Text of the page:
Proteins, pathogens, and failure at the composite-tooth interface.

  title={Proteins, pathogens, and failure at the composite-tooth interface.},
  author={Paulette Spencer and Qiang Ye and Anil Misra and S{\'e}rgio Eduardo D E Paiva Gonçalves and Jennifer S. Laurence},
  journal={Journal of dental research},
  volume={93 12},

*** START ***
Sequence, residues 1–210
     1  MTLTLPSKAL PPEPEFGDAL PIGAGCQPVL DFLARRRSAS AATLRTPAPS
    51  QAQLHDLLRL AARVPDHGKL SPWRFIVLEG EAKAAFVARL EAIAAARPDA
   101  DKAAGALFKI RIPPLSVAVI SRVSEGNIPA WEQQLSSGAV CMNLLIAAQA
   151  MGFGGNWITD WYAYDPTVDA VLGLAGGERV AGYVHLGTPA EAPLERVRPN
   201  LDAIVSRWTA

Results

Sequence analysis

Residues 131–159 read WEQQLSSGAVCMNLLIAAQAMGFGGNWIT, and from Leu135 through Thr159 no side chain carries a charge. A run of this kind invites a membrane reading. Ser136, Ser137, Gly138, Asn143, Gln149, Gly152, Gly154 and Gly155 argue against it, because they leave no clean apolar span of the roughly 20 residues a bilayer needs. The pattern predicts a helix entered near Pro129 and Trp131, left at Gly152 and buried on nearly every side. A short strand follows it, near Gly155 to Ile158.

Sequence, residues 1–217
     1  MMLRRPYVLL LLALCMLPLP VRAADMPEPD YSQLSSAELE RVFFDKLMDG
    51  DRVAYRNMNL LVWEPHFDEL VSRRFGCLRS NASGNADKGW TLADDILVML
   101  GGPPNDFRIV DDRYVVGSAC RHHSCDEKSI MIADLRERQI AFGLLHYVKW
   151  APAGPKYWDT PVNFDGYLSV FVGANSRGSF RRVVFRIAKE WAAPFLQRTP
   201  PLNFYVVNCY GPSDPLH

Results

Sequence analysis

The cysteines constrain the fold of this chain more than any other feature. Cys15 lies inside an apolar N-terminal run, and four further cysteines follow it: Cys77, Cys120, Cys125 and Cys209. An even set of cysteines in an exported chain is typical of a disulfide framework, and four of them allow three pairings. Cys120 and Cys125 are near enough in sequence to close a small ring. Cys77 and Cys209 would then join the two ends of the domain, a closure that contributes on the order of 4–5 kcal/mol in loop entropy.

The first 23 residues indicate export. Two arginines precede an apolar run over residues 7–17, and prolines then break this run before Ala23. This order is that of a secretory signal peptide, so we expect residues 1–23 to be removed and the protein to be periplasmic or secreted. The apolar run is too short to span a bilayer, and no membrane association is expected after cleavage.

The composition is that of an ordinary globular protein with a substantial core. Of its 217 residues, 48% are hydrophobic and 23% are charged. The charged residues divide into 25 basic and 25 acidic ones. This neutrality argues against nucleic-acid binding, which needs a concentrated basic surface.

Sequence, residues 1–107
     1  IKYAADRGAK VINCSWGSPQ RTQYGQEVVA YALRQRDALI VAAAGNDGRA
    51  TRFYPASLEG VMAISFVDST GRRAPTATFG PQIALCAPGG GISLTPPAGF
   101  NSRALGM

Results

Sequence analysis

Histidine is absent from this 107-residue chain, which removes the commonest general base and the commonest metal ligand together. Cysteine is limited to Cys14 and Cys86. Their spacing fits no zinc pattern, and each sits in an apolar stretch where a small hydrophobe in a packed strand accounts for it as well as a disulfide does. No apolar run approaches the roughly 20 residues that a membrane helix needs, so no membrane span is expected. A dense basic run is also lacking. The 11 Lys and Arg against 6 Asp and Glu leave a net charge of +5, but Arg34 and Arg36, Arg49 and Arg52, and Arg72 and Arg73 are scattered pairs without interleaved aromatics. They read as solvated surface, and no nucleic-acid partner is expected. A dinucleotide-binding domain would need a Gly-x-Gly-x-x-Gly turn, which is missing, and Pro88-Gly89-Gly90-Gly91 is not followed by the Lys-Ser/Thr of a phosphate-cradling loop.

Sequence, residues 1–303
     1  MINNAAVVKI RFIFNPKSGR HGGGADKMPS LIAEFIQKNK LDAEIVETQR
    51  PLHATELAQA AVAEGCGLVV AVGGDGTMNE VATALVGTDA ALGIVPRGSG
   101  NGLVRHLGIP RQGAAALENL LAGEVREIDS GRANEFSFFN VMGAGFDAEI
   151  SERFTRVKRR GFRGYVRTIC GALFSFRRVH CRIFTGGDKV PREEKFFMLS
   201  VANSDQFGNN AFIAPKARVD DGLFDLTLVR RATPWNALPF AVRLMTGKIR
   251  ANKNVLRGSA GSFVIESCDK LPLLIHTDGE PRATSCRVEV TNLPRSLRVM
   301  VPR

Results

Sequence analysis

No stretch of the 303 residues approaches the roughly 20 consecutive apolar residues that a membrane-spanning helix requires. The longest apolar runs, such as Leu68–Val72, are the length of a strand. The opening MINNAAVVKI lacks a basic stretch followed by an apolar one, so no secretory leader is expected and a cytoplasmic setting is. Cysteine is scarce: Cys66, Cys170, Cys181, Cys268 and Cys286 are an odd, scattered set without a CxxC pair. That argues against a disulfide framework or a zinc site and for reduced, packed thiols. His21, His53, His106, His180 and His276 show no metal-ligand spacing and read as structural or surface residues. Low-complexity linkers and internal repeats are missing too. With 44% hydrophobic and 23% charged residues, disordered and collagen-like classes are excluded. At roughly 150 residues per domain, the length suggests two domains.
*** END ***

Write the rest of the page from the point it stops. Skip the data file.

In the United States, composites accounted for nearly 70% of the 173.2 million composite and amalgam restorations placed in 2006 (Kingman et al., 2012), and it is likely that the use of composite will continue to increase as dentists phase out dental amalgam. This trend is not, however, without consequences. The failure rate of composite restorations is double that of amalgam (Ferracane, 2013). Composite restorations accumulate more biofilm, experience more secondary decay, and require more… CONTINUE READING
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